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Lecture

Pancreatic secretion

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Department
Physiology
Course
Physiology 3120
Professor
Tom Stavraky
Semester
Winter

Description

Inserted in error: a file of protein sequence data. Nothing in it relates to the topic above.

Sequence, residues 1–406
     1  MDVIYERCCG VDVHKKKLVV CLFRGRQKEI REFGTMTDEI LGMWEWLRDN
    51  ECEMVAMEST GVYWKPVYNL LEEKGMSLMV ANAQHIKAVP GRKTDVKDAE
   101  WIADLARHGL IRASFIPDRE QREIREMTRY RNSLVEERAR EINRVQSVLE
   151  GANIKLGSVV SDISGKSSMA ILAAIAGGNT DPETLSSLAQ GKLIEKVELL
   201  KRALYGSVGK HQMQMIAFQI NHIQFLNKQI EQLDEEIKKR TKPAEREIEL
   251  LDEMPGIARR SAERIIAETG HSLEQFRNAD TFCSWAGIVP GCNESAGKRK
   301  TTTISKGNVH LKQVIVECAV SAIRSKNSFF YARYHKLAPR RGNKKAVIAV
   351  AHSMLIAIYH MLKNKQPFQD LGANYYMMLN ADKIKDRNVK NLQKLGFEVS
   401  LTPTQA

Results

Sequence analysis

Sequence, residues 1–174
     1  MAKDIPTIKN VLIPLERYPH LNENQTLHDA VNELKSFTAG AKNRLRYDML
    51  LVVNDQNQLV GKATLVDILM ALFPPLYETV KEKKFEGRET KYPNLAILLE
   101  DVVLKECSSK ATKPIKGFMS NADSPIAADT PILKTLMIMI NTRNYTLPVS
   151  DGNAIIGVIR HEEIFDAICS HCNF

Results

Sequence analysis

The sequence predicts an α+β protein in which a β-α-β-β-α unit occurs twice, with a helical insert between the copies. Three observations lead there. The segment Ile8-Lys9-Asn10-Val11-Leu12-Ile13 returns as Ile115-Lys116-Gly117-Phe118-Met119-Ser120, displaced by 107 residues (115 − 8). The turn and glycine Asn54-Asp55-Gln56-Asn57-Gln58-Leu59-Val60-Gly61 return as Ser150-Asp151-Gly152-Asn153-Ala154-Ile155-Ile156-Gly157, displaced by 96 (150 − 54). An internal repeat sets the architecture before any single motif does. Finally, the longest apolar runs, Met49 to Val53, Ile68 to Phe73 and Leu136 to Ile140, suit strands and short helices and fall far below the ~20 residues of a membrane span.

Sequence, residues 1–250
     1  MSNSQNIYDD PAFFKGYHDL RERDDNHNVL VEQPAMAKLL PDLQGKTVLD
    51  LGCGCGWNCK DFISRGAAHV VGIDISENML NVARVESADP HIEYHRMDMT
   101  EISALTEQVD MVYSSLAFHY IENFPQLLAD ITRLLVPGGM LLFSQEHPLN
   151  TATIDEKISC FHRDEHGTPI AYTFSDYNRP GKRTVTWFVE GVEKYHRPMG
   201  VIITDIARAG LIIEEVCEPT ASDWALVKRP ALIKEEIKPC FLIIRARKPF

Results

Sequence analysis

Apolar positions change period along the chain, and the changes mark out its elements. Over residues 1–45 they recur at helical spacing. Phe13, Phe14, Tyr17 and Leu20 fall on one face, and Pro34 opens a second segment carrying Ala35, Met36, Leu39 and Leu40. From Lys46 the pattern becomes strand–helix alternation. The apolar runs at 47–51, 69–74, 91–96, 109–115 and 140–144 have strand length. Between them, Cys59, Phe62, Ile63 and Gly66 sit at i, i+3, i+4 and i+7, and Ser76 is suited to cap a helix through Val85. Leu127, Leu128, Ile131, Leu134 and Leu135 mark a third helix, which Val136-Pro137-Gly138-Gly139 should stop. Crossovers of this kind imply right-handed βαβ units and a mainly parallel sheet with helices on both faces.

Human Physiology Friday, March 26, 2010 “Gastro IV” Down-regulation of gastric acid secretion • Very close to the secretory cells of the pyloric gland area is another cell that releases somatostatin (normally released by pancreas, but has a somewhat ubiquitous secretion)  Also under cholinergic control, but ACh inhibits somatostatin release  Somatostatin is inhibitory to acid secretion • As stimuli that activate cholinergic mechanisms, the cholinergic nerves are not activated, and have less ACh release  Less release of acid (from oxyntic) and gastrin (from G cell)  Somatostatin is disinhibited; and inhibits the release of gastrin  Eliminate the potentiated response of acid secretion  Acid itself has a stimulatory effect on somatostatin release; excess acid increases somatostatin, which decreases gastrin and therefore turns down acid secretion • But, you need acid for other things (i.e. intrinsic factor, pepsinogen  pepsin), so having it immediately turn itself off would be detrimental  The somatostatin cell is pH-sensitive  pH in stomach before eating is somewhere around 4-6 (foods such as proteins or carbs are relatively good buffers)  Eventually, so much acid is secreted that the buffering capacity is overwhelmed and the pH begins to drop; eventually, you reach the pH switch (between 2.4-2.7) that turns on the somatostatin cell, which inhibits gastrin  Antrum = archaic term for pyloric gland area Pancreatic Secretion • Pancreas composed of exocrine (95%) and endocrine tissues • Empties into the duodenum (the proximal part of small intestine)  Stomach is able to resist its own acid; but the mucosa of any other part of the GI tract is very sensitive to acid/fragile • 2 major functions of exocrine pancreas a) Production & secretion of digestive enzymes (i.e. proteins, carbohydrates, and fats) b) Secrete a bicarbonate-rich juice; why is bicarbonate important?  Buffer for intestines; need to protect mucosa from ulceration by acid  Restore pH to the optimal range for the digestive enzymes from point (a) above • Structurally very similar to the salivon (i.e. acinus with converging ducts)  Does not have a striated duct system; epithelial cells all along the duct look exactly the same  Different division of labour  In salivon, everything originated in acinus (juice & organic compounds); in pancreatic d
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